What does "Registered Specialist in Orthodontics" and "FRCDC" mean?

Is it important?

A Specialist in Orthodontics first graduates from a 4 to 5 year University program as a dentist and then goes back to University to complete at least 2 more years of post-granduate studies in Orthodontics to become an Orthodontist.  Once that level of education had been completed, an Orthodontist must pass a series of examinations adiminstered by the Royal College of Dentist of Canada to become designated as a Fellow of the Royal College of Dentists of Canada = FRCDC.

The Alberta Dental Association & College has a Registrar who verifies that a candidate has indeed completed at least 2 years of post-graduate University training in Orthodontics and that they have successfully passed al the examinations to become a Fellow of the RCDC before they "Register" the candidate as a Registered Specialist in Orthodontics.  Actually, the designation is "Registered Specialist in Orthodontics and Dentofacial Orthopedics", but that is quite a mouthful so we usually don't list all that.

The term "Certified Specialist in Orthodontics" used to be accurate but it is now an outdated term and is not valid in Alberta.  This whole process is a rigorous one and it exists to protect the public and assure citizens that in Alberta, an Orthodontist is a highly trained dentist eminently qualified to do Orthodontic treatment for both children and adults.  Only people who are Registered Specialists in Orthodontics can call themselves Orthodontists in Alberta.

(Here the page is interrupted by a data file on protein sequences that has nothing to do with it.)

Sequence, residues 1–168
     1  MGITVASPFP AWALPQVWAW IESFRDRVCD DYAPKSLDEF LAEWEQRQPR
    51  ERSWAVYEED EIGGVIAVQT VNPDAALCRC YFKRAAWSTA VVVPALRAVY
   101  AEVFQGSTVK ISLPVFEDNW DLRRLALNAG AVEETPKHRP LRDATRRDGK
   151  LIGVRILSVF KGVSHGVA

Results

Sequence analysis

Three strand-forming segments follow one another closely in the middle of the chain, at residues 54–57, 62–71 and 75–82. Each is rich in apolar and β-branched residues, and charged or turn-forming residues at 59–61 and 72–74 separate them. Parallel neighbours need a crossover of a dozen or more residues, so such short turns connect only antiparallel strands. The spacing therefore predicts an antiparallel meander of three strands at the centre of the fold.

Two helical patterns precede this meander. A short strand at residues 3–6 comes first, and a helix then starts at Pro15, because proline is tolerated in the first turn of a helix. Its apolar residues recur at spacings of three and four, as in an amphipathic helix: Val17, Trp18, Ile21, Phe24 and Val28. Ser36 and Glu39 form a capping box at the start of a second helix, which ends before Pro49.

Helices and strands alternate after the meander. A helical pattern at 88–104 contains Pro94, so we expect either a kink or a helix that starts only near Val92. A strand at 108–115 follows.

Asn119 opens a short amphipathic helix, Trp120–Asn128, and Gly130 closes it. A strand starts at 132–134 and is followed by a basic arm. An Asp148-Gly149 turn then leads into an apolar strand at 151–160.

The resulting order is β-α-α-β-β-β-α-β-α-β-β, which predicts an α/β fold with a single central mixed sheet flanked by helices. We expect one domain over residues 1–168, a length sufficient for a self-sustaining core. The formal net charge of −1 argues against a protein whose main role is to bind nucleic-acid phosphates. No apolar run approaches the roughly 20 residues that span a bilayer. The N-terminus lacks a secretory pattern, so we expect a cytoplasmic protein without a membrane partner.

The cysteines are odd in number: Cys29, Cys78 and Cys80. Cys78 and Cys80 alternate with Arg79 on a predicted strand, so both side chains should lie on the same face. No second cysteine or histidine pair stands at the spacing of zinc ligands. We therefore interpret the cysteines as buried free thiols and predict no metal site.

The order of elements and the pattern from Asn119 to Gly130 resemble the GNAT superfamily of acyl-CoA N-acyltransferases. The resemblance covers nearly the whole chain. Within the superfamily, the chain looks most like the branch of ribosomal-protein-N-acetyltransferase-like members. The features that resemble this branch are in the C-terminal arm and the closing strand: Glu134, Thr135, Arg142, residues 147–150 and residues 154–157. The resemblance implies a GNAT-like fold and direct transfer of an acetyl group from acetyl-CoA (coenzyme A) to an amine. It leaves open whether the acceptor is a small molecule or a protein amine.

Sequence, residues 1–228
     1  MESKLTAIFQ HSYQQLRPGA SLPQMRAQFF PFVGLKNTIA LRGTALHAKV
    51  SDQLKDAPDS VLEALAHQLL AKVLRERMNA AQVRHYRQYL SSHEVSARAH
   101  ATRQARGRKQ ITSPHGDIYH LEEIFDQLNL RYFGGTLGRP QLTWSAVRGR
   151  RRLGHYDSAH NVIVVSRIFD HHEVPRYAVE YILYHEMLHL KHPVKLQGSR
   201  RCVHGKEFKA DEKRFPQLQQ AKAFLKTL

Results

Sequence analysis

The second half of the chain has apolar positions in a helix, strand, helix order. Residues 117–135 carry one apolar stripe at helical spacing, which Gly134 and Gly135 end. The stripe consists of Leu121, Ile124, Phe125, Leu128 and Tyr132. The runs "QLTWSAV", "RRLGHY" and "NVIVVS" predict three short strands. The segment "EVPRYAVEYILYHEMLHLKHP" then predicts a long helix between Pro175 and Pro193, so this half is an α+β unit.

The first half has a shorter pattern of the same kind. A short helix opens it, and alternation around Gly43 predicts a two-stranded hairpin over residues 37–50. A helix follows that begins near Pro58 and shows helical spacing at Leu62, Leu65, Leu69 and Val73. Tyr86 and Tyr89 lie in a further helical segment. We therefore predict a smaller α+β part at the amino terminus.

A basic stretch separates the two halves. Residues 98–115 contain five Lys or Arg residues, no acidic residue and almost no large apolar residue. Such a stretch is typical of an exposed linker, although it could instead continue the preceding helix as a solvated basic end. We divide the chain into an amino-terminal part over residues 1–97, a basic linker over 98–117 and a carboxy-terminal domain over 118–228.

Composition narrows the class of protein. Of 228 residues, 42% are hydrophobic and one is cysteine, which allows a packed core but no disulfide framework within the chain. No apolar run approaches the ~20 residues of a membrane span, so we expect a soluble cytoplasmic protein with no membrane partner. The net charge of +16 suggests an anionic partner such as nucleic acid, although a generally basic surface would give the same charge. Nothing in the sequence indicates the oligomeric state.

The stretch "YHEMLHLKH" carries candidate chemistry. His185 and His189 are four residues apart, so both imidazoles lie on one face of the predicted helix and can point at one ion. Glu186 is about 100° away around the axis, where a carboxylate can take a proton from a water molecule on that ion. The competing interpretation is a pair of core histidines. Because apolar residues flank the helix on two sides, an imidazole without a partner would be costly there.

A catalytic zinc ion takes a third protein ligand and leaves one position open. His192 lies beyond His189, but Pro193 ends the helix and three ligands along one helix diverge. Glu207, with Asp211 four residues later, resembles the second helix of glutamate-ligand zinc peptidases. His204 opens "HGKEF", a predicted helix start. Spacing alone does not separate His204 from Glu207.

There is absolutely nothing wrong with a general or family dentist doing orthodontic treatment procedures - any dentist is legally allowed to move teeth.  In fact, some dentists do quite a lot of Orthodontic treatment and over time they learn to be quite good at it.  They are very honest with their patients and actually inform them they are a general dentist and that they do some orthodontic treatments - they do not mislead people into thinking that they are Orthodontists - Registered Specialists in Orthodontics.  Esperienced dentists learn that some Orthodontic treatments are very complex and difficult to do and that is why they are thankful to have Registered Specialists in Orthodontics that they can refer patients to.

Unfortunately there are people who are trying to get around the qualification requirements and actually call themselves Orthodontists when they in fact do not meet the criteria established by the Alberta Dental Association and College to be registered as a Specialist in Orthodontics.

It is a sad reality that some people try to trick the public and call themselves Orthodentists, a word that is not a valid designation anywhere and confuses people into thinking they are actually dealing with a true Orthodontist.

The other way people try to confuse the public is to put themselves out there a "Practice Limited to Orthodontics".  While it is not technically illegal to call yourself an Orthodentist or market yourself as "Practice liminted to Orthodontics", if it is done to mislead the public into thinking they are seeing an actual Orthodontist it is at the very least unethical.

1991, Dr. Boutin completed his post-granduate Orthodontic Training at the University of Toronto, passed his examinations with the Royal College of Dentists of Canada and has been a Registered Specialist in Orthodontics with the Alberta Dental Association and College ever since.

Dr. Boutin is the real deal - an actual Orhodontist!

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